This post is written as shownotes for our instagram live on cast iron, to watch the whole video visit our Facebook page The Whole Food Diary!

Firstly. Why cast iron?

  1. They’re non toxic. On any topic I prefer to let people do their own reading of scary facts rather than quoting them, I don’t like fear as a motivator but the thing that finally made me do the complete switch was reading about the toxicity of non stick pans. So you can google on your own there.
  2. They live forever.  That makes them really cost effective, and really kind to the earth – no plastic parts to disintegrate and need throwing in the trash. Win win.
  3. For dietary iron. I’ve been vegetarian and vegan on and off for years, and did this last pregnancy pretty much vegetarian yet I’ve never been even close to anaemic.  I think a lot of the reason for that is using cast iron. You get a little of the iron in your diet every time you cook with it.

What do we buy?

I exclusively buy the Lodge brand of cast iron. It’s the best USA made brand I’ve found, and they are very affordable without compromising quality. With one exception actually, they don’t make a waffle press so you can find the one I chose and our waffles recipe HERE.

The Lodge ones come pre seasoned so you don’t need to do an initial seasoning, but your seasoning will build up over time – take care of it well and it will love you back.

Note: The seasoning is the oil layer baked into the pan over time that makes it naturally non stick!

I own an 8″ pan, a 10.25″ pan , a mini 6.5″ one that’s perfect for single portion reheating, and a shallow circular griddle pan that’s perfect for pizza making. That’s all I find myself needing for our family cooking and it comes to a total of less than $50 – one of the reasons I love Lodge! (For baking I have a bread tin, and muffin tins. )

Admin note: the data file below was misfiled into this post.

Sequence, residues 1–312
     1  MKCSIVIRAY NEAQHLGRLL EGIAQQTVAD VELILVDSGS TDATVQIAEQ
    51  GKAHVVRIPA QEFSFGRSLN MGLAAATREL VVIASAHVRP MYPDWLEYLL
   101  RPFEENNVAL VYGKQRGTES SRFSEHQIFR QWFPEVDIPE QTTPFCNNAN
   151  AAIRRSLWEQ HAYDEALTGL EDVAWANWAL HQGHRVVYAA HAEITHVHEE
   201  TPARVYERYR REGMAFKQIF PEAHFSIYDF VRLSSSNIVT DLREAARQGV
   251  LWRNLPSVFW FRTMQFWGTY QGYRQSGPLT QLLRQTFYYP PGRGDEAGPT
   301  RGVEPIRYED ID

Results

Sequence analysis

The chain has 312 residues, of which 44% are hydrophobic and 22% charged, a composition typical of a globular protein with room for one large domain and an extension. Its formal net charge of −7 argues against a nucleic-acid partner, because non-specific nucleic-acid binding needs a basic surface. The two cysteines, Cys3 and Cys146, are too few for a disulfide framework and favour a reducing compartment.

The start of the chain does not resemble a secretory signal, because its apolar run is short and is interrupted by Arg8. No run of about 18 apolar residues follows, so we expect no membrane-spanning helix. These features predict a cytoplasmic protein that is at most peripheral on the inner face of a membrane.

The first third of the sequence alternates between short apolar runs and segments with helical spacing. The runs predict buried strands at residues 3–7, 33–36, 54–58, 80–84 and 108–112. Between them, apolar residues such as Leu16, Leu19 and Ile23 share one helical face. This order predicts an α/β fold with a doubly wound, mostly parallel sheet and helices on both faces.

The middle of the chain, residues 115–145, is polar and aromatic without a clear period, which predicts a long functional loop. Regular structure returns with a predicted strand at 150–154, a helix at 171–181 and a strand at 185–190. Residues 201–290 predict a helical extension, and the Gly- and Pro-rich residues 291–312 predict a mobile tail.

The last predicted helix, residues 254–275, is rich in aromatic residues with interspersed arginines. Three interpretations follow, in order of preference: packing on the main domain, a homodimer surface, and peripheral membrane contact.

Caring for my cast iron

It can feel overwhelming to think about caring for cast iron but I promise it’s actually really simple when your make the switch.

  1. Start cooking with the pan HOT! Don’t heat food up in a cold pan, start with the pan hot – this is essential for letting the non stick seasoning do its thing.
  2. Don’t use the pans for anything too acidic.  I don’t really do big tomato dishes in them, or cook fruit in them for long periods of time.  I do cook both of those things quickly in them, and it does work better when the pan has built up a good seasoning.
  3. As well as starting the pan hot, oiled it before cooking. Animal fats are supposed to work better than vegetable oils, so I use coconut oil as it’s more similar to an animal fat. Most people will tell you to use a paper towel to spread the oil but (A) I don’t like putting my fingers in a hot skillet, and (B) I don’t like throwing out a paper towel every time I use the skillet so I use a silicon brush and I think it works way better.  I keep a jar of coconut oil in my cupboard with the brush in it ready to go. THIS is the brush I have.
  4. Don’t overly scrape the pan during cooking, but equally you can use metal utensils, unlike teflon. You just don’t want to go to town scraping them and hurt the seasoning.  I find a very thin spatula like THIS one works best for flipping pancakes and turning scrambling eggs.
  5. Clean the pan right after cooking.  The heat helps in the cleaning – I mean, not when it’s scolding, let it cool a bit but don’t leave it till after eating.  This is controversial in the cast iron world but I personally use a metal scourer to clean my cast iron.  I’m very gentle with it, and because I have good seasoning I never have to use it much more than one wipe round the pan. You can alternatively use salt, and then the coarse side of a scrubber brush.  I’ll stick with my metal scourer and a gentle hand.
  6. If you do find you have baked on food the best method I’ve found it to fill it with a little water and put it back on the heat.  Let it warm up and then gently take the metal scourer to it. It works like magic.
  7. After cleaning it gently, I wipe the skillet out with a towel then put it over a low heat until it’s completely dry. This gets any little bits of water out to stop it rusting.
  8. When it’s completely dry and still hot, I take my silicon brush again and wipe oil round the pan, let it heat for another minute or two and then switch it the heat off!

So there you go, that is how I make scrambled eggs without cleaning my skillet afterwards.  It really is simple and well worth the switch!

My Essentials